Season’s Eatings! Food, fellowship and fun are all-encompassing parts of holiday festivities. The holidays provide a wonderful opportunity to do something special for your family and friends and where better place to start than at your table? Once a year holiday dishes, special dessert treats and an open-door policy with visiting guests creates an atmosphere ripe with opportunity to share a meal with those we love. Many of our best memories are made around a holiday table, so whether you create the same scene or a new theme year after year, gatherings around the table with the ones you care about are the best kind of gifts!
Here are 5 Tips to Set a Festive Holiday Table that your guests will remember long after the holiday season has ended:
- Consider your holiday theme and company first.The colors, styles and accessories you’ll use are important. Do you decorate with traditional green and red or cool blues and silvers? Is it modern, vintage or a mix of styles? Will the table be child-centric or adults only? Why not create two tables? Pull from the décor style you created for your seasonal home and a holiday table will just be an extension of that.
- Choose a table cover.Tablecloths, runners and place mats can be used together or individually depending on your tastes. I find it important to use something as a protective layer for your table when dining with a crowd, especially for hot and cold plates and the occasional spill. For this table I used two $2 burlap coffee sacks as a runner found at 1st Monday Trade Days in Canton, TX. Insider tip; go to the very back lots where the open-air vendors are and you’ll find the best prices! The burlap sacks were layered and secured straight across the table with a wide green and red button felt ribbon bought at Holiday Warehouse. I used small tacks underneath the table to secure the ribbon in place. The place mats are simply pages removed from an old music book found at a local thrift shop. Three music sheets were taped together to create a unique and fun place mat!
- Select a centerpiece.Long and low usually works best for conversation with seated guests. Think outside of the usual vase when considering the container for the centerpiece. I used a vintage chicken feeder for my table and built the bottom up with pine cone. I added layers of fresh and faux greenery, antler sheds and ornaments to the mix. You can always add classic tea lights in glass containers around your centerpieces. You could also use this type of container for food serving like rolls or biscuits. Just line the inside of the container with wax paper and cloth napkins first.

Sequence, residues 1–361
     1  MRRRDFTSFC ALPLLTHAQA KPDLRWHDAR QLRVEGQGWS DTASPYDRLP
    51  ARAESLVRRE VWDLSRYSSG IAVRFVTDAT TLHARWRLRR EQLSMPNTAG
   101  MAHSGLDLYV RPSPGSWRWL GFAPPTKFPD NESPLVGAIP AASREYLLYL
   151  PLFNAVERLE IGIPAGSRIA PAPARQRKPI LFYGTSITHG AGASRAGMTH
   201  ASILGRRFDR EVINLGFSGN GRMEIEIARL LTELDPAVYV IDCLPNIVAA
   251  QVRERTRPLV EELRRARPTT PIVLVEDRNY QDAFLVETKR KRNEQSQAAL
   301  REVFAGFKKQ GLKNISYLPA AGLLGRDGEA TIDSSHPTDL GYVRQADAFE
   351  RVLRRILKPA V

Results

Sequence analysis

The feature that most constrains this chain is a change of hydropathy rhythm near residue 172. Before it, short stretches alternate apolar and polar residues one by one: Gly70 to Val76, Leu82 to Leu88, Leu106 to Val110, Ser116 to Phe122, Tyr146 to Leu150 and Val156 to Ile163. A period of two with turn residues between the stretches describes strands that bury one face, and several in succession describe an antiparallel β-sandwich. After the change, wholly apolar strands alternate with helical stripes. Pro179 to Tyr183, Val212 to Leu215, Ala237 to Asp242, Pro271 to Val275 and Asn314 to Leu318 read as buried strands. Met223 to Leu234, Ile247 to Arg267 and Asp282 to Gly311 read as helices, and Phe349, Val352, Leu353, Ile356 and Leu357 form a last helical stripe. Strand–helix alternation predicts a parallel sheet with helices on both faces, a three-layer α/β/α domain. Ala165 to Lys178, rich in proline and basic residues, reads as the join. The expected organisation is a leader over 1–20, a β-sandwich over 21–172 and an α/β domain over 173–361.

For a kid’s table consider a craft container like a long basket or Mexican sugar mold filled with crayons or stickers to keep them busy and entertained while seated. Butcher paper is a fabulous tablecloth for kids and they can draw, color and spill to their hearts’ content on it.
- Place your settings on the table or keep dishes handy near the buffet.For a smaller gathering I like to set the table. I’ve collected milk glass pieces over the years and they’re not only beautiful they’re multi-season friendly and almost indestructible. You can easily find very inexpensive dishes like these at thrift and secondhand stores. Setting a table makes the occasion feel a bit more special and traditional, especially in our fast-paced world when families often are too busy to have a sit-down meal every day.
Pieces need not match either. Perhaps you have a favorite plate you were gifted by a friend, a cup that your grandmother used for her tea, silverware you had as a child etc. Whatever makes it special and memorable to you and your family should be at the heart of it. If you’re using items with special meaning, share the stories with children and guests so they can also carry and share the memory for themselves.
- Make the setting special.Use ornaments, notes or small gifts set on the plates for your guests. These could double as place markers with the names of guests or small trinkets they can take away as a memento of the occasion.